In this space we've covered numerous research articles about dieting and weight loss especially those that evaluate the effects of low fat or low carbohydrate diets (most recently here and here). Although it might seem that the topic has been thoroughly covered, there are apparently still unanswered questions.
Dr. Deirdre K. Tobias of Harvard Medical School and colleagues picked 53 random controlled trials (RCTs) that compared weight loss resulting from decreased fat diets to that from other interventions. All the trials analyzed lasted at least one year. They did a meta-analysis of these studies to see if low fat diets were superior to other interventions. In all, the RCTs included over 68,000 participants.
In 18 studies comparing low-carbohydrate to low-fat diet interventions, the former led to greater weight loss. When compared to other higher fat interventions, the low-fat diets in 19 studies again did not lead to superior weight change. The authors note that the only situation in which low fat diets led to greater weight loss was in eight studies that compared low fat diets to participants' usual diets.
While these results seem to impugn the utility of low fat diets for weight loss, it must be remembered that the studies included a variety of different populations, and in a few cases there were different goals (for example, studies that prescribed a low-fat diet to prevent breast cancer in high risk women). Some RCTs included men with high cholesterol, others obese young adults, and the dietary fat content ranged from 10 to 30 percent of calories. Further, one can not tell from such an analysis how accurately the participants under the various protocols were in adhering to the respective interventions.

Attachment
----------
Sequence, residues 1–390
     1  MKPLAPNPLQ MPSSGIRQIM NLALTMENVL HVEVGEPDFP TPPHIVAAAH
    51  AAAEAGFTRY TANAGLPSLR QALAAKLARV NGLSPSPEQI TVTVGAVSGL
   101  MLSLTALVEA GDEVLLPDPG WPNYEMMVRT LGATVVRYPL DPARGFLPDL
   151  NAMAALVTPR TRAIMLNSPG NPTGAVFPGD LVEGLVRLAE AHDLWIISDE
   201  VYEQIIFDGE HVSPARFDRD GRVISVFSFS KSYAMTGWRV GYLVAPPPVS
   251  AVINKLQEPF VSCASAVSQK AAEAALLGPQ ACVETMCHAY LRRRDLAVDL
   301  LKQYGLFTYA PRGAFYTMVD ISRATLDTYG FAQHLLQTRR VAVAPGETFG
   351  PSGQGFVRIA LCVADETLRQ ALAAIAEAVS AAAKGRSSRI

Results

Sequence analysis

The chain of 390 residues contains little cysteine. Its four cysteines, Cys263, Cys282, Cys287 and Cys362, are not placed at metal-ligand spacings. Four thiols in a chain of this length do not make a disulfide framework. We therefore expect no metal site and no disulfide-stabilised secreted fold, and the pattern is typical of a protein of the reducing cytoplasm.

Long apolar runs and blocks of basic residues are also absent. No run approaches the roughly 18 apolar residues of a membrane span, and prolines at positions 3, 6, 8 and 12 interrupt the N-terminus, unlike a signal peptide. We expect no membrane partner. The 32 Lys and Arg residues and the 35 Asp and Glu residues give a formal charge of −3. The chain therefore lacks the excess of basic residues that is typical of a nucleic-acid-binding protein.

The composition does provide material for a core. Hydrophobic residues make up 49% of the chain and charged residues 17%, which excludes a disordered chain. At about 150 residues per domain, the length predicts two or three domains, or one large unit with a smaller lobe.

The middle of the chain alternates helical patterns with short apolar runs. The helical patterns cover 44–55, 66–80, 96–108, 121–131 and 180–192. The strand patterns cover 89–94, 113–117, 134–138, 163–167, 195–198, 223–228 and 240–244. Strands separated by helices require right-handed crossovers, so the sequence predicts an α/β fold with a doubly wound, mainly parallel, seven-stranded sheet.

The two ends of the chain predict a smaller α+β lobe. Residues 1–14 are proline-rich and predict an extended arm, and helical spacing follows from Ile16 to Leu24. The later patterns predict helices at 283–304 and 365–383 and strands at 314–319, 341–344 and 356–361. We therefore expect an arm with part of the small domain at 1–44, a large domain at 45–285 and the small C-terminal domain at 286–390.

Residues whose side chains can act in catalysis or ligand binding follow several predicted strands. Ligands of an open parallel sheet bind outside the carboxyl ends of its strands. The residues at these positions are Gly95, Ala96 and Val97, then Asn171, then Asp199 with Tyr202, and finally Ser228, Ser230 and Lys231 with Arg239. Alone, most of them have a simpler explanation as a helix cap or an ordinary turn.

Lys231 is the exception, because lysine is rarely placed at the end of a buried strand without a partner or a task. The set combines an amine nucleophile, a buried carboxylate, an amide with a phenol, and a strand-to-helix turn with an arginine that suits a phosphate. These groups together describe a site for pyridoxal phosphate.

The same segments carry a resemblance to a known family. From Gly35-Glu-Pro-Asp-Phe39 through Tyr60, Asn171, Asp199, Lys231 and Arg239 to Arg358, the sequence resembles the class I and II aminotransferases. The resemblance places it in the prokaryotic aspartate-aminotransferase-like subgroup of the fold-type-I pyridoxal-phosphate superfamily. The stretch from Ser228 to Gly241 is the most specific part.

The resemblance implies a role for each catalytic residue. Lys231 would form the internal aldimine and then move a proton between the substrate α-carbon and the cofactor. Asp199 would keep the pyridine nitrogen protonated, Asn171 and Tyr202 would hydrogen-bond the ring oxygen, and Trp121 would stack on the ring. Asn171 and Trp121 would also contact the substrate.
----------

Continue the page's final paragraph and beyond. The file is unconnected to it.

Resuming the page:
In spite of such differences, the authors wrote "...comparisons of similar intervention intensity conclude that dietary interventions that aim to reduce total fat intake lead to significantly less weight loss compared with higher-fat, low-carbohydrate diets. Health and nutrition guidelines should cease recommending low-fat diets for weight loss in view of the clear absence of long-term efficacy when compared with other similar intensity dietary interventions." They also commented "Additional research is needed to identify optimum intervention strategies for long-term weight loss and weight maintenance, including the need to look beyond variations in macronutrient composition."
The idea behind searching beyond macronutrient composition is a good one, but perhaps there really is no one "optimum intervention strategy" for weight loss. Although reducing dietary fat may not have beaten the other interventions covered by this meta-analysis, there have been reports from the National Weight Control Registry of people who used such diets for long term weight loss of at least 30 pounds.